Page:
"I said I'd ring him aback. I wasn't going to ring him, and my wife decided to ring him," Supt Taylor said.
Counsel asked Supt Taylor how his wife reacted when he had told her about the campaign against Sgt McCabe. "You're asking me to give an opinion of somebody's reaction, I can't do that," the witness said.
Supt Taylor said that the campaign came to an end with the departure of Commissioner Martin Callinan from office. The superintendent said there were no discussions with Acting Commissioner O'Sullivan or Mr McLindon about continuing the campaign.
"When Commissioner Callinan left it stopped, I can say no more than that," Supt Taylor said.
Supt Taylor said the press office was not used to smear Sgt McCabe, as it would not have been appropriate. The office dealt with "run of the mill queries from journalists".
"It was a direction given by the commissioner at that level, and that's the level it was kept at," Supt Taylor said.
Supt Taylor said none of the eleven journalists he has named in statements who got negative briefings showed any reaction when they were briefed, and "it was just part of the conversation."
Mr O'Higgins said it was a peculiarity that none of the journalists came back asking for more information or documents about Sgt McCabe or the investigation after they were briefed negatively.
Supt Taylor said that he realised the campaign was wrong by the time he made his protected disclosure in September 2016.
Supt Taylor said he was "disappointed" when he was moved from the press office to the traffic division. "I''d given a lot of work to the Press Office. I felt I'd done a good job I was in the middle of my Masters studies at that point in relation to media," Supt Taylor said.
Mr O'Higgins said that in the traffic office, Supt Taylor "conducted a class of private press office from Dublin Castle”. Supt Taylor said this was not true.
Supt Taylor said he had no recollection of sending a text to a colleague stating "I'm currently in the dungeon at Dublin Castle awaiting parole."
"You took this very hard indeed. You took it personally. You regarded it as a significant and dramatic fall from grace," Mr O'Higgins said. Supt Taylor said he had not asked for the transfer to new duties.
Supt Taylor said that Ms O'Sullivan wouldn't be his "number one choice" for Garda Commissioner. He said he did not recall telling a colleague he was "gutted" by Ms O'Sullivan's appointment.
Supt Taylor said he was embarrassed when he had to present himself for arrest following an inquiry into garda leaks, but said he was not impugning the officers who questioned him or calling them heavy-handed.
Supt Taylor said he showed up at Balbriggan garda station by appointment, and wasn't a flight risk, and should not have been placed in a police cell.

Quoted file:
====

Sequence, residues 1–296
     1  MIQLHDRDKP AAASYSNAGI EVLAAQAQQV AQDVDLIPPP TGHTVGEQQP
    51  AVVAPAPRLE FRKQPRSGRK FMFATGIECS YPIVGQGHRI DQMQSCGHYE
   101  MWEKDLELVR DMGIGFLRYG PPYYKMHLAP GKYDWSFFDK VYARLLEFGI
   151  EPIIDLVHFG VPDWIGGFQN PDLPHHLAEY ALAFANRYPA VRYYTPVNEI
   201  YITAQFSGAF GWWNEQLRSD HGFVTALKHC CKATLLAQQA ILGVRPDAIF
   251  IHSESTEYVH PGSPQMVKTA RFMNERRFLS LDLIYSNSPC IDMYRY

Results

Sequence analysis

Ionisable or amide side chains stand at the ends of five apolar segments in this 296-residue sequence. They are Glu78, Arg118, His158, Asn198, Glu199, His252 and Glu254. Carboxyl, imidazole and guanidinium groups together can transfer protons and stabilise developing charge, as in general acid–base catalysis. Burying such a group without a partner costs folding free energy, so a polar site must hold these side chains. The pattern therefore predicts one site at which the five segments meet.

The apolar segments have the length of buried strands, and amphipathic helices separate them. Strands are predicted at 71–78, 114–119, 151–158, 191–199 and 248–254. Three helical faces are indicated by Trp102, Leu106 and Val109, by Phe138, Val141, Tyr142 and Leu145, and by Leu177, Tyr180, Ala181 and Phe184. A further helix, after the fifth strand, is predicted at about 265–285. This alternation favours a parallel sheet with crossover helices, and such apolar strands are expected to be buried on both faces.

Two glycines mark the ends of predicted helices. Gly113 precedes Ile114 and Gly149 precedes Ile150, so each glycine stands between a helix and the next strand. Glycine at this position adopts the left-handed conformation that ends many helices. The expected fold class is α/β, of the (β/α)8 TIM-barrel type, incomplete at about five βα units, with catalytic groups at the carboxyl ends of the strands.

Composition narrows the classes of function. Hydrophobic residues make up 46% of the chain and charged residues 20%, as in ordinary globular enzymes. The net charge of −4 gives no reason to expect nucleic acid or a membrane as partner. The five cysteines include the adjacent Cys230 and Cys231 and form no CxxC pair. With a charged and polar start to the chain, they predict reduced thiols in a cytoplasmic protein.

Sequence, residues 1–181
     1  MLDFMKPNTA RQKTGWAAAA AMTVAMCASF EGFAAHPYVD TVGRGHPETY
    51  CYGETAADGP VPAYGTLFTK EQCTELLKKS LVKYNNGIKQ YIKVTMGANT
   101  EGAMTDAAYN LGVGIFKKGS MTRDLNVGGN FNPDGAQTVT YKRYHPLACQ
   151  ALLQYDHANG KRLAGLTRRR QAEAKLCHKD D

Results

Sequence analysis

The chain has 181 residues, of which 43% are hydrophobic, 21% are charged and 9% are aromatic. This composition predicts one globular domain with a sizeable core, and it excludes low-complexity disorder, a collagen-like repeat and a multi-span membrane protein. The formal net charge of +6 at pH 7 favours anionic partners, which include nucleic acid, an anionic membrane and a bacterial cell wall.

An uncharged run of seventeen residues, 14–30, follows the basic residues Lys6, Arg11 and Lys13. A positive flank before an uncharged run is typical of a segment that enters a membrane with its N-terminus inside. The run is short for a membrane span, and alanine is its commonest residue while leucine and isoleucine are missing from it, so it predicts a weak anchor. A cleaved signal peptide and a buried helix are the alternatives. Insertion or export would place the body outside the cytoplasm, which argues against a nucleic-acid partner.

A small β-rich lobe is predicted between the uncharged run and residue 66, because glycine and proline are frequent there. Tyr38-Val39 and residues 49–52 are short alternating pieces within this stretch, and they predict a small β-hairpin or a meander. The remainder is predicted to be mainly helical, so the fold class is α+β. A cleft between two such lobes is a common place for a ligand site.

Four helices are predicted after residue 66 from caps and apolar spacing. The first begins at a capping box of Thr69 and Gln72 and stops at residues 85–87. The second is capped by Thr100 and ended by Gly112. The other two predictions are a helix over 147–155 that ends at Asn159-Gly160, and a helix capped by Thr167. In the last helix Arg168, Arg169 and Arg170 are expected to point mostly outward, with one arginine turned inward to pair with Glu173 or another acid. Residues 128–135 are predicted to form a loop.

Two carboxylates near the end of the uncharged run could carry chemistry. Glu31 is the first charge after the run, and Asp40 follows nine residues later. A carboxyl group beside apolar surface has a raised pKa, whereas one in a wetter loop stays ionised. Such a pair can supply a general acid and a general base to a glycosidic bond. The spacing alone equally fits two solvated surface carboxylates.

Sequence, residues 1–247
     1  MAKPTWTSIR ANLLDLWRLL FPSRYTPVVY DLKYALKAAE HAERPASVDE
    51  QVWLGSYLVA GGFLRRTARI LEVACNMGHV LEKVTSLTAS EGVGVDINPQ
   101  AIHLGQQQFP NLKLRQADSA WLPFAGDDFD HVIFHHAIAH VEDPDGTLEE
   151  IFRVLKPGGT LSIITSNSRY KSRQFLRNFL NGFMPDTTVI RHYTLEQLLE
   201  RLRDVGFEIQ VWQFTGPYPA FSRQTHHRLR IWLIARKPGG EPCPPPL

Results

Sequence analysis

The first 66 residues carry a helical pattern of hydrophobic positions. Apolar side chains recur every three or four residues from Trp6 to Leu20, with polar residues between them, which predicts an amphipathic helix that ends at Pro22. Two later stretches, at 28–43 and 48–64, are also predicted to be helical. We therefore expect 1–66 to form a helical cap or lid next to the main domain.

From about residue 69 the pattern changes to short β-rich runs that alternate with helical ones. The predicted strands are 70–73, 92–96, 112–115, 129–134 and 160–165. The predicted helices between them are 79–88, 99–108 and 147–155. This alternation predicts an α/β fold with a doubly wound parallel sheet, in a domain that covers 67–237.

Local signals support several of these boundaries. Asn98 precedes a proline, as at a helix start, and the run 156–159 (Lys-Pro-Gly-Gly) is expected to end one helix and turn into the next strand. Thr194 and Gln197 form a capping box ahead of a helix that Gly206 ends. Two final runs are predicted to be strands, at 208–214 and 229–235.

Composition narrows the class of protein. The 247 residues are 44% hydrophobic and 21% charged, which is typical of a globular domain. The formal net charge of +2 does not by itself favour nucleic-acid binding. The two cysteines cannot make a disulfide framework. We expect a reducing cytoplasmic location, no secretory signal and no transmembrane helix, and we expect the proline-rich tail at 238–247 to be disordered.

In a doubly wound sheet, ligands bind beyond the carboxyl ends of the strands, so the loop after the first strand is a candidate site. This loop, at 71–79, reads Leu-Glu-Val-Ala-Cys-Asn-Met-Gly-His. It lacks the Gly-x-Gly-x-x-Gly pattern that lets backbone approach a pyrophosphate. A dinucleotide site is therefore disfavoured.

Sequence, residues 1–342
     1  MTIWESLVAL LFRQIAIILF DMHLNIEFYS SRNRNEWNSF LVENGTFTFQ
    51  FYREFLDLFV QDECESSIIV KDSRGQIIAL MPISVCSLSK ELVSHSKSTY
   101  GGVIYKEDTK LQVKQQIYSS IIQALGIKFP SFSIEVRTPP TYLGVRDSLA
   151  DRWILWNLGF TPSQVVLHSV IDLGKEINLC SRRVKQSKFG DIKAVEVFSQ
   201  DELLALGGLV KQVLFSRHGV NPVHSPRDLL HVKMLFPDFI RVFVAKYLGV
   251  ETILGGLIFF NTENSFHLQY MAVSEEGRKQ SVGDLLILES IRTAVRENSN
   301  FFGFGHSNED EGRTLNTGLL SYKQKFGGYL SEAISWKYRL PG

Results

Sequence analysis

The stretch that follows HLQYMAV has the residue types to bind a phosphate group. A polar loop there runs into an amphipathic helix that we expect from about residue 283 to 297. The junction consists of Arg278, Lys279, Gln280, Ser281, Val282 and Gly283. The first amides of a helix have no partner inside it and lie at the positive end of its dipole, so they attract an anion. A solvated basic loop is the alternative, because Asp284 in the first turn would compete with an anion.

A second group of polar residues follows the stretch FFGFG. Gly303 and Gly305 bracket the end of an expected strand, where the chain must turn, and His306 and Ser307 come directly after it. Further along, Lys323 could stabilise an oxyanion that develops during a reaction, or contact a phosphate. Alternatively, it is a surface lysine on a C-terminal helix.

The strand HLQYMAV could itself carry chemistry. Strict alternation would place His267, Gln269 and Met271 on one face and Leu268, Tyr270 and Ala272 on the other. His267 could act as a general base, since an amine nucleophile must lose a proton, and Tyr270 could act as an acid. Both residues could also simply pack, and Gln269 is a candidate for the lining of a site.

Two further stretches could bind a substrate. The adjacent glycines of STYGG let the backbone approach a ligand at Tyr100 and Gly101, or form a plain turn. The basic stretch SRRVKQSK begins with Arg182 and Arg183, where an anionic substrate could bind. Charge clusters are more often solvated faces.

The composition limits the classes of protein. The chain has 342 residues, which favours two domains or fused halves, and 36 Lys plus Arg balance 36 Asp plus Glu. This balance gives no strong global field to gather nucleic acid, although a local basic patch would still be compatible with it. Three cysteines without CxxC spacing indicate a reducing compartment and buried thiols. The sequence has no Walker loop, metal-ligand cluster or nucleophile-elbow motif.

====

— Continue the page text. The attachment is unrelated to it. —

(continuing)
Supt Taylor said that he had never been able to find out how a phone in garda custody had "come alive" and sent a message about joining a "Viber" group when it was no longer in his possession.
"I can only just say what happened to the phone and I don't know what happened to it. Maybe there's a legitimate reason why it came alive," Supt Taylor said.
Supt Taylor said he did not "forensically read" a chapter of a book sent to him by journalist Michael Clifford which recounted his involvement with Sgt McCabe.
Mrs Michelle Taylor's evidence was interposed in the afternoon, and her husband, Supt Taylor will continue his own evidence tomorrow.
"I knew that there was negative feelings towards Sgt McCabe because of the penalty points, " Mrs Taylor said.
Mrs Taylor said her husband told her that he was to brief journalists on Sgt McCabe that "there was a backstory, there was a reason for this, there was more to this than just penalty points”.
Mrs Taylor said she was "a bit shocked" that there was a campaign against Sgt McCabe, but did not "tease it out" any further.
"I believed him, I believed what he was doing. I think he believed what he was doing was the right thing," Mrs McCabe said.
"I didn't really think about it at that stage to be honest I didn't give it an awful lot of thought."
Mrs Taylor said she met with Sgt McCabe for coffee in the Skylon Hotel in Dublin in 2016, and some time later Sgt McCabe visited the Taylor family home.
Mrs Taylor said that Supt Taylor was "very emotional" at the meeting.
She said that her husband told Sgt McCabe "I have to be honest with you, there was a campaign against you and I was part of it." Mrs Taylor said her husband never called Ms O'Sullivan the "pusher" behind the smear campaign.
She said her husband told Sgt McCabe, he was to brief any media he met that there was a backstory and that Sgt McCabe was motivated by revenge because of the Miss D investigation.
The DPP directed no prosecution against Sgt McCabe following a 2006 garda investigation into an abuse allegation from Miss D against Sgt McCabe.